… so, after all of this time, I’ve been waiting for an update which isn’t actually necessary, and which only enables the installation of some as-yet unreleased software, to fail to install!

Update: On re-checking for updates, there are actually 41 updates outstanding totalling another 200Mb of data to download. Update 55430 now seems to have disappeared, and the prominent “Search” box at the top of the window actually searches for ‘Control Panel’ applets rather than for items within the list being displayed. On returning to the Windows Update applet, the “View available updates” button (which is styled to look like a hyperlink) no longer works – it underlines when hovered over, but no amount of clicking elicits a response.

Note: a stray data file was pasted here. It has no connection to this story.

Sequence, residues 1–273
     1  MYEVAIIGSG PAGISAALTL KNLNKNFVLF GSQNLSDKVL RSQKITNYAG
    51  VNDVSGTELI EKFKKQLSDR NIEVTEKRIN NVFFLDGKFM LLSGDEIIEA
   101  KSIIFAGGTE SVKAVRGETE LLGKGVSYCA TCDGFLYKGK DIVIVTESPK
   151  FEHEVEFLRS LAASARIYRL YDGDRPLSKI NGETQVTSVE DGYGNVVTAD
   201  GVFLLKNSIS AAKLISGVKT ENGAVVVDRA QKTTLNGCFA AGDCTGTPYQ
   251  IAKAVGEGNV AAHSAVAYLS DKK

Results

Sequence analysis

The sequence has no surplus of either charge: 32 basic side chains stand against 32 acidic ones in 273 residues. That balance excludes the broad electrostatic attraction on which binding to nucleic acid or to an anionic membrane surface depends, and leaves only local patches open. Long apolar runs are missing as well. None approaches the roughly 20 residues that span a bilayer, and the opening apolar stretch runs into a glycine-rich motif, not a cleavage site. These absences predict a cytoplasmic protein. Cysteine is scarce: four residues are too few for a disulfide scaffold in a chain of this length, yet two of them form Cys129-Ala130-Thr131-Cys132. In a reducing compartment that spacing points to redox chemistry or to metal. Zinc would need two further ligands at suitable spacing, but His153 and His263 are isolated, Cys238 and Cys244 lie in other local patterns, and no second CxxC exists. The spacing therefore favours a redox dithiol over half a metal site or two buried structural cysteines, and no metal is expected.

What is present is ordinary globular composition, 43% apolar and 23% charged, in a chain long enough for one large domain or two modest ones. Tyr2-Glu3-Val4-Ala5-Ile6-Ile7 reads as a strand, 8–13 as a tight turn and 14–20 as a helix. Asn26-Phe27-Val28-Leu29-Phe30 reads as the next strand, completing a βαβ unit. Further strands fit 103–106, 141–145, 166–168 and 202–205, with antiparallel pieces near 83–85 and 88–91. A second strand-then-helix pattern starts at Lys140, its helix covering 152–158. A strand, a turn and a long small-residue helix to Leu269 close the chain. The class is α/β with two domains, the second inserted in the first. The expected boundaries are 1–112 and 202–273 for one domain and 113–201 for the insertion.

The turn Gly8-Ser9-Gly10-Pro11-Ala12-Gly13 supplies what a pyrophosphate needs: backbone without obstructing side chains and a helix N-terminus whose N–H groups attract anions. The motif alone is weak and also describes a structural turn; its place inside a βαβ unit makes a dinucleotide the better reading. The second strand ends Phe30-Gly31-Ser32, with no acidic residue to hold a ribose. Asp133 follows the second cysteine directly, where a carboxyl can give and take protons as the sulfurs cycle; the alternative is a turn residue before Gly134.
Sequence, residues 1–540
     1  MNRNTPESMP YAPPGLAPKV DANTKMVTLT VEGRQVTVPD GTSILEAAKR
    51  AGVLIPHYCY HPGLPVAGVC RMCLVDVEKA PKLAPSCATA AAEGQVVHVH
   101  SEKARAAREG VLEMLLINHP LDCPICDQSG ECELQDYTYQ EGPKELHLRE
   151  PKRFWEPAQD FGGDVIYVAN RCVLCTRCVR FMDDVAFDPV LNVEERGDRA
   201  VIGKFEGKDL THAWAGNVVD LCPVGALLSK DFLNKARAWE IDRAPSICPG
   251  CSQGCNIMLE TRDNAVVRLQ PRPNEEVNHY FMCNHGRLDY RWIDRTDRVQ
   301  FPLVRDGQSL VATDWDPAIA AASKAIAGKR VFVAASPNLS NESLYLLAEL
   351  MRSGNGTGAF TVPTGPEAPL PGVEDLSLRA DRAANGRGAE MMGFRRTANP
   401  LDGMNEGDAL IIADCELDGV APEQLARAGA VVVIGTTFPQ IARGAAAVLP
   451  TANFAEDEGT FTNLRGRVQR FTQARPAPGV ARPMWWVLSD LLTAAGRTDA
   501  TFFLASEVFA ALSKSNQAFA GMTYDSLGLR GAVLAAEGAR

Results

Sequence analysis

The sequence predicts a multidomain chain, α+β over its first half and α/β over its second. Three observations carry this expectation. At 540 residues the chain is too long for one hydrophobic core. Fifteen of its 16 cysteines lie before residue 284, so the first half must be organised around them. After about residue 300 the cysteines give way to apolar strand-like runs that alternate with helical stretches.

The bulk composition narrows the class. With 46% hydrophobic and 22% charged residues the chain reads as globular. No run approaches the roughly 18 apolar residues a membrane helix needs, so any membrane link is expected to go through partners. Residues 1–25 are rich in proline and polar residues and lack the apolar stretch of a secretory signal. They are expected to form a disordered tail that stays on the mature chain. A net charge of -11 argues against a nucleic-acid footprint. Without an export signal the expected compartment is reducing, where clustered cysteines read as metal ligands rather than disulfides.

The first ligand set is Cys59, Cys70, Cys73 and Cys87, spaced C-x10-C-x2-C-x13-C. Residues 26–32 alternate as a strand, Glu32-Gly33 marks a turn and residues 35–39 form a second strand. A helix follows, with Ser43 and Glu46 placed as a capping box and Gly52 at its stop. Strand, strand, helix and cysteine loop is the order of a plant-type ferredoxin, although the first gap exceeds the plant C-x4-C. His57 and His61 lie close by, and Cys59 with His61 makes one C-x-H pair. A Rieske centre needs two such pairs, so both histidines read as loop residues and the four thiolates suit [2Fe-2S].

Whilst attempting to fix it by running the “Check for updates” again, a new task-bar button appears. Clicking on it, a requester pops up telling me that Terminal Services has crashed. I choose to “Check online for a solution” and the requester disappears, never to be heard from again. It does not provide any online solutions, nor even open a browser window.

At least after re-loading the Windows Update applet, the “View available updates” button/link now works. Update 55430 is definitely not there. I decide to install the lot anyway, and on clicking “Install” am told that “An unidentified program wants to access your computer“, and that “Windows Update” is from an “Unidentified Publisher“.

I realise that Windows 7 is just around the corner, but has anyone at Microsoft actually tested their current OS from a usability perspective? None of these problems are show-stoppers, and they’re likely one-time installation issues and indeed largely cosmetic… but at the same time, they seem to indicate a general lack of attention – pretty unforgivable in the Business build of the OS.